that datamined the game found that achieving this without multiplayer was
impossible due to an inherent flaw in how EMS was designed; it required players
to make impossible choices, such as simultaneously saving both Kaidan and
Ashley; saving and sacrificing the Council; similar for the Collector Base,
among other stringent requirements. After a while of ignoring complaints about
the issue, Bioware finally investigated the problem and have effectively fixed
it by lowering the EMS requirement down to 3100 instead of the standard 4000.
This perhaps is the most important contribution Bioware implemented through the
Extended Cut DLC, and has earned my deepest respect from them. Once I finally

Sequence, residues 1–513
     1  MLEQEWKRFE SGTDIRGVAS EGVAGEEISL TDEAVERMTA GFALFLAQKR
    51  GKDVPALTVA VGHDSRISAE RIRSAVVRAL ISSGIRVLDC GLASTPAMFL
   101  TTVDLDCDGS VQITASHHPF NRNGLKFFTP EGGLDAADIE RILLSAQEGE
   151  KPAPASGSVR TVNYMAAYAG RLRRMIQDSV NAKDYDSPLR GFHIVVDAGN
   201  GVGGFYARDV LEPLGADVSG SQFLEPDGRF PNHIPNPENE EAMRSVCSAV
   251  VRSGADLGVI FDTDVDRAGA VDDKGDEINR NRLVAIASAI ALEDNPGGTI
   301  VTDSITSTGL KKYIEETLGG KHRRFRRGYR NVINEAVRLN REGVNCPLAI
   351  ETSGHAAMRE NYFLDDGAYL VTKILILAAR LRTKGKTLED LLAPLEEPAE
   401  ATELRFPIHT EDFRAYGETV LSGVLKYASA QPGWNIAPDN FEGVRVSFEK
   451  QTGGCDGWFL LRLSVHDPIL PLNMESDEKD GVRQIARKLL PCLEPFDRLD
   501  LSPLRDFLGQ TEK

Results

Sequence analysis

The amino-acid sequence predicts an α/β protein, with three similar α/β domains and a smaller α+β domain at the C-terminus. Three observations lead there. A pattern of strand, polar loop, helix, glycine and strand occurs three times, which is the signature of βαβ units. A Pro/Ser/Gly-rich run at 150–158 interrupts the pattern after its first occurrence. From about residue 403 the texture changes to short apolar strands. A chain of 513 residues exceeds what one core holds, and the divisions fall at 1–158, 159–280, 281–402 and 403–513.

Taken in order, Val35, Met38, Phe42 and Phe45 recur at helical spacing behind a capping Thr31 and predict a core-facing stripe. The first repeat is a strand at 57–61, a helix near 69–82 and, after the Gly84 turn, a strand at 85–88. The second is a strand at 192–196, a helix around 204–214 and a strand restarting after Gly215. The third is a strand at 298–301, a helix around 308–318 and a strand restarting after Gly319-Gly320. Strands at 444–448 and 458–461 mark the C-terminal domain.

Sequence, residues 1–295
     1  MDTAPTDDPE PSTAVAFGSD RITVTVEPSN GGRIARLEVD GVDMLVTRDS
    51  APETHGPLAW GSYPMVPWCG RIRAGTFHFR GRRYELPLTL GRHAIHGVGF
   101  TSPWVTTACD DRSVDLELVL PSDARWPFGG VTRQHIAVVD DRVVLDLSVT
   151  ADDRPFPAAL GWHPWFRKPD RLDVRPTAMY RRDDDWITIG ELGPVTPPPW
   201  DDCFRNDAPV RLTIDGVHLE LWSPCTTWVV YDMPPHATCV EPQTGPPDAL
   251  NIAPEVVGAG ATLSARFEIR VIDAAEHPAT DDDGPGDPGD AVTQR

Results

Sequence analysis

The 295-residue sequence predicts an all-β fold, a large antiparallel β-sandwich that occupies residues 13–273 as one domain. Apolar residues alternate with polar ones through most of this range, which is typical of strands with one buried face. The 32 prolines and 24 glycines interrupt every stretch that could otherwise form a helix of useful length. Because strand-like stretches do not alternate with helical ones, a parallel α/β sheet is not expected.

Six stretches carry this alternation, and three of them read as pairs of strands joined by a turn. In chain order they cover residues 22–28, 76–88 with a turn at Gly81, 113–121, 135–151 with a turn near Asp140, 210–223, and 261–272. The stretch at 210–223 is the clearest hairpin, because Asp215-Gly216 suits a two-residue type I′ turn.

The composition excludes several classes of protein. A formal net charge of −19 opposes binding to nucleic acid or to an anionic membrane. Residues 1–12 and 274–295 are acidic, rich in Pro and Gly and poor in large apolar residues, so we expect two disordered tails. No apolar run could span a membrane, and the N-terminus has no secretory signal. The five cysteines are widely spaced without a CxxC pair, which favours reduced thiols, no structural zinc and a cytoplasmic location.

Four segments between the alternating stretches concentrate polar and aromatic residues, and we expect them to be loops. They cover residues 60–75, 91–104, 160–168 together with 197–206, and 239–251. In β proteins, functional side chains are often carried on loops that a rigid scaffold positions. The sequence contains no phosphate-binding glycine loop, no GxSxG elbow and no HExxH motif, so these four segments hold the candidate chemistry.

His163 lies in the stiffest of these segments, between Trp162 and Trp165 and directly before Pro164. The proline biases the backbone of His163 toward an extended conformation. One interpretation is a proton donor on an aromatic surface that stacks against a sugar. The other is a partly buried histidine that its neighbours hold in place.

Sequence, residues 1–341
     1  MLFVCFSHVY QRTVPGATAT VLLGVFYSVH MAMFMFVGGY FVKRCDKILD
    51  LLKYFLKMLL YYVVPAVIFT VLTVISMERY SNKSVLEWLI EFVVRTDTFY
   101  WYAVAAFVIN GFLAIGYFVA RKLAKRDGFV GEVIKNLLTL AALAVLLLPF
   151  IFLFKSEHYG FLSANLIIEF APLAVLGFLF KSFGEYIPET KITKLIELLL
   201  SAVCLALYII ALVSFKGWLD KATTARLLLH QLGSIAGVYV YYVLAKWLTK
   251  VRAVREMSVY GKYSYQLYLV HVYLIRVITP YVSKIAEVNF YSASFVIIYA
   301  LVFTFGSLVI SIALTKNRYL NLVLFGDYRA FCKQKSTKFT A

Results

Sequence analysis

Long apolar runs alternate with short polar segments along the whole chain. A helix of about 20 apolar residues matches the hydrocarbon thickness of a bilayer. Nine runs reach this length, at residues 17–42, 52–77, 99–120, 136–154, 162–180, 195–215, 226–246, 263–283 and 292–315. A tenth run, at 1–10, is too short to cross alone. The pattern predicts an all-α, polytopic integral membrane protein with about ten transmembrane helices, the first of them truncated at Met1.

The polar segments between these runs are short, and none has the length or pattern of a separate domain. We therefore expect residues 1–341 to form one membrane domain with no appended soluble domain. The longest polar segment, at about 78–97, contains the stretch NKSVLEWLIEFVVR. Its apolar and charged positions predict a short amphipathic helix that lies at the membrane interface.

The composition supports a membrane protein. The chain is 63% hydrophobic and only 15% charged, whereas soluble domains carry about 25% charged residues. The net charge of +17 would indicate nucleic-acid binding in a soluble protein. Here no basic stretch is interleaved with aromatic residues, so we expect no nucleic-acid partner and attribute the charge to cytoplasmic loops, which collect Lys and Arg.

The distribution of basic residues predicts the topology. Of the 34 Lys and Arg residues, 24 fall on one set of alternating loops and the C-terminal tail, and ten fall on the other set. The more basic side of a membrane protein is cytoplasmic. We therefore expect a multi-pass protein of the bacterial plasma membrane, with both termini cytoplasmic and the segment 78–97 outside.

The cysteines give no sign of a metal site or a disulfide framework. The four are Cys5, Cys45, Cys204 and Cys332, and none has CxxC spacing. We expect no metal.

earned the optimal ending through single player alone, one nagging question
kept bothering me as I watched it.
Why hadn't this been the original ending setup in
the first place? Even though there were a few disappointing elements that
remained, they were nothing that would've incited the level of furor and
overwhelming distaste that the standard ones did. Why did Bioware, in all their
exceptional talent, choose to rely on one of the oldest and overused tropes of
science fiction in order to resolve the conflict with the Reapers? Those are
questions best to ponder at another time though, or for the legion of fanfics
players are writing to make the ending they wanted.
the Extended Cut probably won't please those irreparably damaged by the endings
of the original, nor those staunchly devoted to the endings as they are. It
will however, please those on both sides with more legitimate and less obtuse
concerns. It's no panacea or second coming, but it is something worth checking
out and it's free. Try it out and I'm sure you might be surprised.
9.25 out of 10